Lemma: A function $f : 2^V \to \R_+$ is symmetric and submodular if and only if $\tilde{f}$ is a semi-norm.
Proof: A semi-norm $\tilde{f}$ is convex, and therefore by the fact above, $f$ is submodular. Moreover $\tilde{f}(0)=0$ and $\tilde{f}(x)=\tilde{f}(-x)$ for a semi-norm, so if $x \in {0,1}^V$ is given by $x_i = \mathbf{1}_S(i)$, then $f(S)=\tilde{f}(x)=\tilde{f}(-x)=f(V\setminus S)$ and thus $f$ is symmetric.
Conversely, if $f$ is symmetric and submodular, then $\tilde{f}(x)=\tilde{f}(-x)$ and $\tilde{f}$ is convex. Moreover, the defintion \eqref{eq:lov-ext} shows that $\tilde{f}(cx)=c \tilde{f}(x)$ for $c > 0$, hence $\tilde{f}$ is also homogeneous, implying that it’s a semi-norm.
Thus the sparsification problem for sums $F(S) = f_1(S) + \cdots + f_m(S)$ of symmetric submodular functions ${f_i}$ reduces to the sparsification problem for semi-norms: $\tilde{F}(x) \mathrel{\mathop:}=\tilde{f}_1(x) + \cdots + \tilde{f}_m(x)$.
Let us consider now the sparsification problem \eqref{eq:ns} for $p=1$. As we discussed in previous lectures, a reasonable way of assigning sampling probabilities is to take
\[\begin{equation}\label{eq:ns-rhoi} \rho_i \mathrel{\mathop:}=\frac{\mathop{\mathrm{\E}}[N_i(\mathbf{Z})]}{\mathop{\mathrm{\E}}[N(\mathbf{Z})]}\end{equation}\]for some random variable $\mathbf{Z}$ on $\R^n$, as this represents the “importance” of the $i$th term $N_i(x)$ under the distribution of $\mathbf{Z}$.
Let us also recall the notion of approximation we’re looking for:
\[\max_{N(x) \leqslant 1} |N(x)-\tilde{N}(x)| \leqslant\varepsilon\,.\]Given the desired approximation guarantee, it’s natural to simply take $\mathbf{Z}$ to be uniform on the unit ball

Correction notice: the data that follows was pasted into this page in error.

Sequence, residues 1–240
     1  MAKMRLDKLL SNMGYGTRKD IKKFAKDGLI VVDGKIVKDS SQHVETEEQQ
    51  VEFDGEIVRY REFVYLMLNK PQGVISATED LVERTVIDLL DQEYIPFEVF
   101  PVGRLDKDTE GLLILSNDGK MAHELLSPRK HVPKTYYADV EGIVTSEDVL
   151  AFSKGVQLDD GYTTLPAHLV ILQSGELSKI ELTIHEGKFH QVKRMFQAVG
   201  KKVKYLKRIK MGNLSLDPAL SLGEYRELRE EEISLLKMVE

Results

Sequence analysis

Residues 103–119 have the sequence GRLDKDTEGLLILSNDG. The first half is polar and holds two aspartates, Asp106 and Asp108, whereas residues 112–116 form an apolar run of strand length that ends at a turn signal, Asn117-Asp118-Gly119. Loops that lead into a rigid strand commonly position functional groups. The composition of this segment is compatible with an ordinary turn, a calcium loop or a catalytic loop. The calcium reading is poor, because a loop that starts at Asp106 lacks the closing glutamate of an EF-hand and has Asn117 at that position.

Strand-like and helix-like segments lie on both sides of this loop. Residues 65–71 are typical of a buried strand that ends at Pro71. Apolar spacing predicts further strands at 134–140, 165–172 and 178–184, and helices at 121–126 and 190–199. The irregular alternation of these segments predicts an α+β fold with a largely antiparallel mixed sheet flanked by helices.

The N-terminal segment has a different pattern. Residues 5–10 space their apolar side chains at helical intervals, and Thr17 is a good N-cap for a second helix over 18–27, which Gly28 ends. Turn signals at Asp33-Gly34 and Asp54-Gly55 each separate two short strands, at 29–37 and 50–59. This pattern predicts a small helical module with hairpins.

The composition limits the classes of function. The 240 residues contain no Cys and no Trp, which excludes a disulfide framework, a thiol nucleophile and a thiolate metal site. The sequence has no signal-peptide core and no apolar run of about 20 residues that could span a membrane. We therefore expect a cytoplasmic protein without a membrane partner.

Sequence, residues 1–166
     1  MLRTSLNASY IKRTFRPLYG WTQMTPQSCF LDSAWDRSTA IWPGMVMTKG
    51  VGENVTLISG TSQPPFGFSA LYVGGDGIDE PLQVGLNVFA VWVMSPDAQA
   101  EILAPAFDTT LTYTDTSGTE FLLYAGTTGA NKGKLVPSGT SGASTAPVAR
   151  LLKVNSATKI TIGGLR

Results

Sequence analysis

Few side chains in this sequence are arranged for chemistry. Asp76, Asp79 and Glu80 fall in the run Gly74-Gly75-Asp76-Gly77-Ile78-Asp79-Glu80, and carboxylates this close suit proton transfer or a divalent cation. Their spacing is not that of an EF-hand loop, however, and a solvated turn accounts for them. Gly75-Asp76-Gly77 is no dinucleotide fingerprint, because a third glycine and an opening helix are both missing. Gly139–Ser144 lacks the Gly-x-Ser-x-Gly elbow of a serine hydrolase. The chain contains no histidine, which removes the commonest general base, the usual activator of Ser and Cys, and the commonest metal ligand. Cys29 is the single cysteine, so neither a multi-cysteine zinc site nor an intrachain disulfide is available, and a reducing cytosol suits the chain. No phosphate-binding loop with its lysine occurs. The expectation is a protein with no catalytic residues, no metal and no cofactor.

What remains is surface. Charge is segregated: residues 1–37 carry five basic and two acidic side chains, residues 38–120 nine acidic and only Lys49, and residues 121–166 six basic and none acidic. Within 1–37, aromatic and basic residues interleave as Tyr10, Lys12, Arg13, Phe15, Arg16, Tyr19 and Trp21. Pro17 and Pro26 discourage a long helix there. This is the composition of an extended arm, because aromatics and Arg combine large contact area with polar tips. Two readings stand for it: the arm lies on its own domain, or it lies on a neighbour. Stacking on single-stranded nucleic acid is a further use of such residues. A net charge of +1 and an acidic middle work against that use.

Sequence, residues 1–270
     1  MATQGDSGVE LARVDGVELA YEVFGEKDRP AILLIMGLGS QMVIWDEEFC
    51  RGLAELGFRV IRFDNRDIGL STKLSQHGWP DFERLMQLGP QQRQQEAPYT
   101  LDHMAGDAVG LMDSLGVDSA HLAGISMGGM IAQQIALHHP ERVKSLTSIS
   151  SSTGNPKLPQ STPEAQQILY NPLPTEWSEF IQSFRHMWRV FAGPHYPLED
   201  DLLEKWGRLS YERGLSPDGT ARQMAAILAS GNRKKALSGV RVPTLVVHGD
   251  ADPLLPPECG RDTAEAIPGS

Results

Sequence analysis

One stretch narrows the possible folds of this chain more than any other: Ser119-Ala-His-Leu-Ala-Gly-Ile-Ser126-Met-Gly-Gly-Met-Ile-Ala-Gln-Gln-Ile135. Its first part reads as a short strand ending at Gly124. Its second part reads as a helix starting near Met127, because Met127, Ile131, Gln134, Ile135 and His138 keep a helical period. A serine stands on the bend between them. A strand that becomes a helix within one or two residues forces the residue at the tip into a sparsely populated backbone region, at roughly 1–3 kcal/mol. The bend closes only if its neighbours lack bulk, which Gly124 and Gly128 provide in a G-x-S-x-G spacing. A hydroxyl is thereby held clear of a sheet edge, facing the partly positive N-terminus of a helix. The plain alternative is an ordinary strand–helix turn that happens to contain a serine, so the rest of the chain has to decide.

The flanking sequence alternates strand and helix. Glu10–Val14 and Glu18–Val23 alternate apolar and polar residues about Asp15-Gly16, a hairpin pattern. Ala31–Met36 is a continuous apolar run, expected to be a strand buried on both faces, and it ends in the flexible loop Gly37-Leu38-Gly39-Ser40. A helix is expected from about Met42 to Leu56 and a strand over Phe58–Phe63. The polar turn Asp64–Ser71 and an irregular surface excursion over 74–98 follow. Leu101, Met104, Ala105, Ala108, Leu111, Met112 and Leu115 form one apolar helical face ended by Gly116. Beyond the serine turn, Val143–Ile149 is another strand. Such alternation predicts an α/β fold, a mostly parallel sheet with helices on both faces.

\[B_N \mathrel{\mathop:}=\{ x \in \R^n : N(x) \leqslant 1 \}\,.\]For the purposes of analysis, it will be easier to take $\mathbf{Z}$ as the random variable on $\R^n$ with density proportional to $e^{-N(x)}$, but let us see that gives the same probabilities \eqref{eq:ns-rhoi} as averaging uniformly over $B_N$. To compare the density $e^{-N(x)}$ and the density that is uniform on $B_N$, one can take $\varphi_1(y)=e^{-y}$ and \(\varphi_2(y) = \mathbf{1}_{\{y \leqslant 1\}}\) in the next lemma.
Lemma: Suppose that the density of the random variable $\mathbf{Z}$ is $\varphi(N(x))$ for any sufficiently nice function $\varphi$. Then the probabilities defined in \eqref{eq:ns-rhoi} are independent of $\varphi$.
Proof: Define $V(r) \mathrel{\mathop:}=\mathrm{vol}_n(r B_N)$ and note that $V(r) = r^n \mathrm{vol}_n(B_n)$. Let $u : \R^n \to \R$ be a homogeneous function, i.e., $u(\lambda x) = |\lambda| u(x)$ for all $\lambda \in \R, x \in \R^n$. Then we have
\[\begin{aligned} \int_{\R^n} \varphi(N(x)) u(x)\,dx &= \int \varphi(r) V'(r) \int_{x : N(x)=r} u(x)\,dx \\ &= n \mathrm{vol}_n(B_N) \int \varphi(r) r^{n-1} \int_{x : N(x)=r} u(x)\,dx \,dr \\ &= n \mathrm{vol}_n(B_N) \int \varphi(r) r^{n} \,dr \int_{x : N(x)=1} u(x)\,dx\,. \end{aligned}\]In other words, the integral only depends on the latter spherical integral, which is independent of $\varphi$.